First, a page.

Thursday, May 26, 2011

Farm Girl Meets Pharmacist Girl . . .

I was about to get in the shower, but decided to go outside and check on the hens in The Bunk House, since it was their first experience in the rain.

I opened the lid, and was greeted by five happy chicks . . .


Where was the other?  I searched the run. . . nothing.  Nowhere.

I then checked for illegal entry signs.  None.  Nada.

I was totally perplexed.  Did a snake get in, and out, and have lunch without leaving any evidence?  Because . . . that was a big mystery:  There were no feathery evidences of an intrusion!

Totally perplexed, I decided to begin circling a radius about The Bunk House.

Once in awhile, I thought I could hear a chick alarm cry, but it wouldn't continue, and the cacophony of birds singing post rain was almost deafening . . .

I turned back toward The Bunk House, when I saw my cat come out from underneath the neighbors porch . . . but she was relaxed, and acting normal.  I turned again, when I heard the alarm cry sure as shootin'!

I redoubled my efforts, this time going into the neighbors back woods . . . that's when I saw the big white lumbering tom cat.  A harmless housecat my neighbor brought home from the Humane Society ~ but, who has been eye-spying my hens every time he was outside!!

He was looking at me, while I was looking at him, when the pullet cried out again, and I saw her move in the brush!

Trooper the tom cat saw her too, and got to her before me ~ but I shooed him away.

Bonnie was glad to see me, and moved toward me, whilst I reached in between the brambles to pick her up.   No feigned attempts to get away, no chirps indicating to her peers where she was . . . she leaned into my hand, my arm, my body, and sighed a deep sigh.

I shored up The Bunk House with her in hand, then headed indoors.

Taking inventory of her injuries, which seemed mostly superficial, I devised a plan of action.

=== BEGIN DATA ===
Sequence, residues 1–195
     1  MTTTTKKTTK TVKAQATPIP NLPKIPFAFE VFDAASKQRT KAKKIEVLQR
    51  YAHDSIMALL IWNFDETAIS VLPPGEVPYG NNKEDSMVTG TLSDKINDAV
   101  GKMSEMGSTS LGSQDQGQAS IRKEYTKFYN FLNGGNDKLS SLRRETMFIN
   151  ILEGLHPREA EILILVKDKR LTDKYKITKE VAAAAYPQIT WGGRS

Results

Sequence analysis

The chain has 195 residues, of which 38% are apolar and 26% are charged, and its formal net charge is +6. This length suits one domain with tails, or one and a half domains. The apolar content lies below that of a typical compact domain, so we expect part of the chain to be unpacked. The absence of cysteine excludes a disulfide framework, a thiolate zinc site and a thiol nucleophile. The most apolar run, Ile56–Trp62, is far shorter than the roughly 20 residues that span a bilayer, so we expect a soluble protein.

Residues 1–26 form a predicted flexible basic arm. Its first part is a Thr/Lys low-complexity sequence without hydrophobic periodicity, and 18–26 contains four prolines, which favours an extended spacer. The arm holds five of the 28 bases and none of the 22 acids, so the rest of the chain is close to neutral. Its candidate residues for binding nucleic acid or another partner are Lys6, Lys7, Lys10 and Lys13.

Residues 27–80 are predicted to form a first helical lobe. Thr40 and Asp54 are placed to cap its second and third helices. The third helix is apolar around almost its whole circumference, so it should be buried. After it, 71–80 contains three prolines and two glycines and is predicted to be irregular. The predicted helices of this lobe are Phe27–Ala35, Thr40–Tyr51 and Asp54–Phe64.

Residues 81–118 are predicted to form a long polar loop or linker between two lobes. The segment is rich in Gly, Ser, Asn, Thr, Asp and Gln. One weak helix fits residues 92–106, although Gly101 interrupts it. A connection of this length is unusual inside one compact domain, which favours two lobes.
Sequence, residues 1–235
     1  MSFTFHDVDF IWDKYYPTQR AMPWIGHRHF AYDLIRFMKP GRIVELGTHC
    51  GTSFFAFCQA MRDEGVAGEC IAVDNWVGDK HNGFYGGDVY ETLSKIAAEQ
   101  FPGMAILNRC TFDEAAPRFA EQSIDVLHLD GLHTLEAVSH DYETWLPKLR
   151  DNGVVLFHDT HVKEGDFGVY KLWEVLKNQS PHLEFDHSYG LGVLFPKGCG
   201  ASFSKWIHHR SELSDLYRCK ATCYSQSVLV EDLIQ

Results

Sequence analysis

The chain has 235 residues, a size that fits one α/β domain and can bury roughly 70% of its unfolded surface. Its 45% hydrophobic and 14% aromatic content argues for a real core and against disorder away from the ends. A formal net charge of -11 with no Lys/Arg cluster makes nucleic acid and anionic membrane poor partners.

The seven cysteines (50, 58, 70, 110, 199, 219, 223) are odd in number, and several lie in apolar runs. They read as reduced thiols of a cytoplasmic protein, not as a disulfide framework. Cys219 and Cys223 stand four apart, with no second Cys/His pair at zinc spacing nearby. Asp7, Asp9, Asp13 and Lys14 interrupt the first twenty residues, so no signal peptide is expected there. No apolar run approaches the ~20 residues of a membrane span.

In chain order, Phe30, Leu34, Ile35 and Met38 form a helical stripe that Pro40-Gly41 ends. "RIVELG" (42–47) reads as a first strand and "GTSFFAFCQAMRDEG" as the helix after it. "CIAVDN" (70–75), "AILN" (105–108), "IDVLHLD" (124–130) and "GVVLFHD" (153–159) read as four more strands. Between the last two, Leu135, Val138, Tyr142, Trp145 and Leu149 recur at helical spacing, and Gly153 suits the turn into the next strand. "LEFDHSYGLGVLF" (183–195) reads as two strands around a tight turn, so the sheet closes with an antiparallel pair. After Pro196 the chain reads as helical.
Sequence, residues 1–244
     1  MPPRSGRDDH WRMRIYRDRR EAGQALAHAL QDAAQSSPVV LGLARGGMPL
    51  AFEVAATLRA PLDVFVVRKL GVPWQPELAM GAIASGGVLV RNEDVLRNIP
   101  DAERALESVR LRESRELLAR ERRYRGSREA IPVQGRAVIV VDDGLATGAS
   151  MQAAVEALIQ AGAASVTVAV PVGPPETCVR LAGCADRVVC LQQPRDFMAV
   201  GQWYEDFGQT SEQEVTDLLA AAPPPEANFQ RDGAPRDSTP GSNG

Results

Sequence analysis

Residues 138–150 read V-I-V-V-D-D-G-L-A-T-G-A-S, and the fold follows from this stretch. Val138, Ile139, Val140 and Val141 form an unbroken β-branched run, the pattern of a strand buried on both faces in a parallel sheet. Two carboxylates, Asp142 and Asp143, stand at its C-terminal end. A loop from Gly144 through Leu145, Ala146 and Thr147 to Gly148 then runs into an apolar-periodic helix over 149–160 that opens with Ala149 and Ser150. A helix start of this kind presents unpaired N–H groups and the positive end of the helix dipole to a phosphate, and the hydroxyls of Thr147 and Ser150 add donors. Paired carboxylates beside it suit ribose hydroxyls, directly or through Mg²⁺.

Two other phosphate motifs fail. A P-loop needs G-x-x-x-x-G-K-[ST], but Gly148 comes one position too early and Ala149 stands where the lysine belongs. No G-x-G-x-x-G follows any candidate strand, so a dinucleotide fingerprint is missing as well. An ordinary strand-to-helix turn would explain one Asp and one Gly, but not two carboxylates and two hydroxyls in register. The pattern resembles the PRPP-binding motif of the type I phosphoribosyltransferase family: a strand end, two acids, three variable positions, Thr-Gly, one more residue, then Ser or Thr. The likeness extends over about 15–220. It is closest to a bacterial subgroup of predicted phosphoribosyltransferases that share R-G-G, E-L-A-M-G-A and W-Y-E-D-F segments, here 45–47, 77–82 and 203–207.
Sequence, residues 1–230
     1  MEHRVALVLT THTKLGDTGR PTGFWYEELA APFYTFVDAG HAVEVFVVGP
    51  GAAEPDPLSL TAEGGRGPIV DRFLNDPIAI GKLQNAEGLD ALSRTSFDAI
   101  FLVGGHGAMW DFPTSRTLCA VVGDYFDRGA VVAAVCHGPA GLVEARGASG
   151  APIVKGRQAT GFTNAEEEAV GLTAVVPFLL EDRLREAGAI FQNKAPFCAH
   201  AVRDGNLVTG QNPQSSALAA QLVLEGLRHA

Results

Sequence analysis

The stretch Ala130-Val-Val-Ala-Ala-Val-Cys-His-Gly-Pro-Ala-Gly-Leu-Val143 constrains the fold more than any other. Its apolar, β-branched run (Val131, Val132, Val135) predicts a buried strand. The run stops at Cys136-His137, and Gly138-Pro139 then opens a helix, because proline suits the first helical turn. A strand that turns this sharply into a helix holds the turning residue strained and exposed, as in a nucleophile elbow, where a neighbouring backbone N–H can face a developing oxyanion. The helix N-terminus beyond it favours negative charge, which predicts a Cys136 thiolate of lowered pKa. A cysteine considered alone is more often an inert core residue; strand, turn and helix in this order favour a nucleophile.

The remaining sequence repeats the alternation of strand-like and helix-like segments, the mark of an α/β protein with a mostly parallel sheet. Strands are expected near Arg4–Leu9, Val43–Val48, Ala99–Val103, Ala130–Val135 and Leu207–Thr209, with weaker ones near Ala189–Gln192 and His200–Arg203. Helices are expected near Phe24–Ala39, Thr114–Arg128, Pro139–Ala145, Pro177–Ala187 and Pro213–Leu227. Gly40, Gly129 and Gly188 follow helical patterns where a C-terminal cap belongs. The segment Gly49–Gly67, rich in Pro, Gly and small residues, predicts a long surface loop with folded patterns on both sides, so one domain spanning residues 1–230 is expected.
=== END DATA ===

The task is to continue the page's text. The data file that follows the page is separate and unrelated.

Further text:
Her tail end was the area of deepest wounding, even though those weren't very deep; the top of her right wing, and strange marks under each wing (which I finally determined were claw marks) seemed to be the extent of need of nursing.

I chose Q-tips, hydrogen peroxide, and antibiotic cream and got to work.  Bonnie seemed content to let me doctor her, until I determined I needed to pour the peroxide on the deepest wounds ~ but that was because she wasn't happy about getting wet!  The antibiotic cream must've been soothing, because she sat patiently, waiting for me to finish.

Because she had been in the rain, or at least under rain-covered leaves of the woods, I determined to put her under the heat lamp to warm and dry her, as opposed to on my lap, which is where my heart wants to hold her . . .

Did Trooper actually perform a break and enter without *any* evidence remaining?  Did Bonnie jump out, without my knowledge this morning, when I had the roof open to feed and water them?

Trooper is an outdoor tom cat wanna be.  He lives his days on Nine Lives cat food and scraps from the table . . . I'm sure his city-fied ways actually saved my hen, that he did not actually know what to do with the 'prize' he found.

I am perplexed as the day is long . . .but I'm grateful my hen is alive.  Each hour she survives will settle me that she'll be none the worse for wear . . .

Any one up for a prayer vigil for a chicken?

Resting, after the Incident.

An aerial view, of her tail end.

1 comment:

Anonymous said...

How awful, Angi! I would have been mortified. I'm very impressed that you knew what to do and were able to take care of things with such ease. I'm pretty handy with the first aid for my kids, I guess feathered fowl aren't that much different.

We are getting ready for the big move outside, just waiting for another week of growth, and hopefully some warmer temps.

Here's to a speedy recovery for your little girl.

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